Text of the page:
Keli Gwyn
Book Buying Choices: New or Used?

Our local Christian bookstore closed its doors for the last time this past Friday.

The owner fought valiantly to keep the doors open as long as he could, but after eight years, Jireh’s couldn’t survive. I’d gotten to know Bryan and asked him what led to the closure. His answer: the advent of e-books and the sluggish economy.

I watched with admiration as Bryan made every effort to stave off the inevitable. One of his attempts was to buy used books from customers and resell them. Just before the end, the number of used books in the fiction section was almost double that of new books.

Seeing the used book section in Jireh’s made me question my buying habits. When I went in the store, I gravitated to the new books section. Knowing that buying used books doesn’t help authors’ sales stats, most of the time I chose new books.

Amazon offers used copies of books within days of their release. Do they tempt me? Nope. My reason is the same. I’m eager to support authors.

Do I ever buy used books? You betcha. As a historical author, I often hear of out-of-print titles I just gotta have, and I buy previously owned copies.

For instance, a certain 120-year-old etiquette book I mentioned in my previous post arrived last week. Even though it’s been well used, I treasure it.

• • •

How about you? Do you buy second-hand books, new books or both?

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Keli Gwyn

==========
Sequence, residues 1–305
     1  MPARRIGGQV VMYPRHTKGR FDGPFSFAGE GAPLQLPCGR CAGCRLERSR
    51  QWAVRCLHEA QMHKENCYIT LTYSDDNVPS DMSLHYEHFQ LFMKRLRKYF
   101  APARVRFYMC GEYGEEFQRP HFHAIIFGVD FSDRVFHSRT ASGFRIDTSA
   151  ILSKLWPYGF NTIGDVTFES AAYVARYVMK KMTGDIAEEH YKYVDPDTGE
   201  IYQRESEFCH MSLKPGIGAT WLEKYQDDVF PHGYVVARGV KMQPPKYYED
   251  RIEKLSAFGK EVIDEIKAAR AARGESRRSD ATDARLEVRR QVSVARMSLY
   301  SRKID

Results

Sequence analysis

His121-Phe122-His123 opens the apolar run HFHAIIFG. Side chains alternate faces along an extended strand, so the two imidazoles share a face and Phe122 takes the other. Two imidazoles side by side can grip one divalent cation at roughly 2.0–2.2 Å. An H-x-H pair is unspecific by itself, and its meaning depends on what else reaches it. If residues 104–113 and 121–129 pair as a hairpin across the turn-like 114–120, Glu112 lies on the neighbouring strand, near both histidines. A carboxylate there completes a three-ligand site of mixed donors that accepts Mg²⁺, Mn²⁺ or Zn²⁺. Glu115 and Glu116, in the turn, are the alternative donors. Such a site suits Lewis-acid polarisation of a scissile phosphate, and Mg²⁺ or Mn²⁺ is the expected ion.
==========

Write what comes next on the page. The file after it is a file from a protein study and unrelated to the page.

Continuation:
Friday Fun Victorian Style

The Victorians loved flowers, so much so that they had a language of flowers.

In my recently purchased reference book, Manners: Culture and Dress, published in 1892 (yes, I’m the proud owner of a book that’s 120 years old!), the author devoted an entire chapter to the language of flowers, filling nine pages with lengthy lists that matched a certain type of flower with a particular meaning, e.g. a white poppy meant sleep.

Romance thrived in the Victorian era, so it will come as no surprise that a number of the meanings listed dealt with that all-important topic: love.

Unmarried couples were bound by rigid social strictures with regard to courting, which often stifled conversation. They were inhibited by the requisite chaperones, too, so they found other ways to communicate, the exchange of flowers being one of them. Thus, the ability to speak using the language of flowers must have been a skill they sought to acquire.

If a gentleman wanted to let a lady knew he had feelings for her, he had many options. Here are three flowers he might have chosen, along with their meanings.

honeysuckle ~ bond of love
a rosebud on moss ~ confession of love
a yellow tulip ~ declaration of  love

If a lady had received one of these flowers from her suitor, he would’ve expected a reply. If she had difficulty conveying her answer by either spoken or written word due to those ever-present chaperones or a meddling mama, she could have followed her beau’s lead, presenting him with a flower she’d chosen based on its meaning.